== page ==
Contagious animal diseases may be spread internationally by the importation of carcass meats or animal products from areas where a disease is enzootic, or as a result of the transit of live animals. A transit country faced with the threat of contagious disease may slaughter and destroy the contaminated goods and refuse future shipments from the country of origin. Thus the health interests of transit countries may impede the international trade in animals, meat and other products of animal origin.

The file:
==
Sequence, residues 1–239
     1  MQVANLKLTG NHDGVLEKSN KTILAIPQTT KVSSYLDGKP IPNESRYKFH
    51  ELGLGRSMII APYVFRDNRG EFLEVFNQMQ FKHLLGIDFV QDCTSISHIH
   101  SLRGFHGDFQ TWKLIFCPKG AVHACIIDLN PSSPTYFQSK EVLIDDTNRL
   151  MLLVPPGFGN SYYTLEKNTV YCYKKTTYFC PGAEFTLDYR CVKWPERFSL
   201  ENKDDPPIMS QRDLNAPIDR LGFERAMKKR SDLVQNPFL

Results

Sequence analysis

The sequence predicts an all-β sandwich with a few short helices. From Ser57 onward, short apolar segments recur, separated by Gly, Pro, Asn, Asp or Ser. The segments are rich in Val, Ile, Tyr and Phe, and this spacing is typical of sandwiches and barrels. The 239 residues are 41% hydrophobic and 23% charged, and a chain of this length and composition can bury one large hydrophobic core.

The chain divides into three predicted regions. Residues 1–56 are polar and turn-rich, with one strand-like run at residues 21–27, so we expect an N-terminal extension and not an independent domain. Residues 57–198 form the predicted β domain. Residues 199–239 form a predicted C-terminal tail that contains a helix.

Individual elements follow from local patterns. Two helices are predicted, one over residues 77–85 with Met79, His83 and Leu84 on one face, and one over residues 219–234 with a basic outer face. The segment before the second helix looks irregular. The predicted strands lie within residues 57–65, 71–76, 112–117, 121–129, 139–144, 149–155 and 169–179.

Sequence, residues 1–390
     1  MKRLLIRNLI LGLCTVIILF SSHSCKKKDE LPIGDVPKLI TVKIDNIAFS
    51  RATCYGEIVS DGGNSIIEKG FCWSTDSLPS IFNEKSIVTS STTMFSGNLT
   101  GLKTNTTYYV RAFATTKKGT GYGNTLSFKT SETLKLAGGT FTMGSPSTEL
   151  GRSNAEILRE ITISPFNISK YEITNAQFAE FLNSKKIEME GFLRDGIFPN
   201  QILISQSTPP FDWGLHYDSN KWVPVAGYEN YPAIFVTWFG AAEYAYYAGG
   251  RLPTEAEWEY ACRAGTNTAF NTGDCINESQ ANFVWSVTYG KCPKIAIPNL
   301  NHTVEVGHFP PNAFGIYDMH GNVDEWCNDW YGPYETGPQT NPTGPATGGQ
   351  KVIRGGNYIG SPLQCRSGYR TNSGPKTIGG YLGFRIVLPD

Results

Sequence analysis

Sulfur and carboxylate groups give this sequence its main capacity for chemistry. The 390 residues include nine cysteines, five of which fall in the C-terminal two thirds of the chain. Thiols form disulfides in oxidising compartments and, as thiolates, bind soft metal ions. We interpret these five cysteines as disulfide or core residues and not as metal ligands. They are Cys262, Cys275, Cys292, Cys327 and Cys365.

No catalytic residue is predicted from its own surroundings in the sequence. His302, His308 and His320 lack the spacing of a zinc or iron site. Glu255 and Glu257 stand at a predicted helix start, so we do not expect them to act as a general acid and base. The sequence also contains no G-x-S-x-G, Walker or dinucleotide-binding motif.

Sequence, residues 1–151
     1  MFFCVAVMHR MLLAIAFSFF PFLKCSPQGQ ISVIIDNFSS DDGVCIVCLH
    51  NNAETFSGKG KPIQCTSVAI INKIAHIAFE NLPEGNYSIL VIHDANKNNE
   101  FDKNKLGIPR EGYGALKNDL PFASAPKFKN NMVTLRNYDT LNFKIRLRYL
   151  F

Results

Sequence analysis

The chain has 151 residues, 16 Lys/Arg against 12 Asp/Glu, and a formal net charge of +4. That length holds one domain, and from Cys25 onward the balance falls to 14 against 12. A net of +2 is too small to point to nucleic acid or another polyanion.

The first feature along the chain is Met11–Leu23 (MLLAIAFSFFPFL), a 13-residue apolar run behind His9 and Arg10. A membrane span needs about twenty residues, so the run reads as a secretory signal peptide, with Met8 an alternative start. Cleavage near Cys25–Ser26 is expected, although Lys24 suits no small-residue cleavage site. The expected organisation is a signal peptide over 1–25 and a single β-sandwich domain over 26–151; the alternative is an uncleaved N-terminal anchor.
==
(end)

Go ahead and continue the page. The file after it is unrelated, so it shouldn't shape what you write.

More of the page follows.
The problem occurs particularly with diseases where the causative agent is resistant to freezing, such as in the case of the foot-and-mouth disease virus, and that of fowl pest. The foot-and-mouth disease virus has been known to remain active in the bone marrow of pork and beef for 76 days, even at freezing temperatures. Such carcasses can infect human beings who may act as carriers of the disease to animals. The fowl pest virus can exist for 2 years in frozen birds.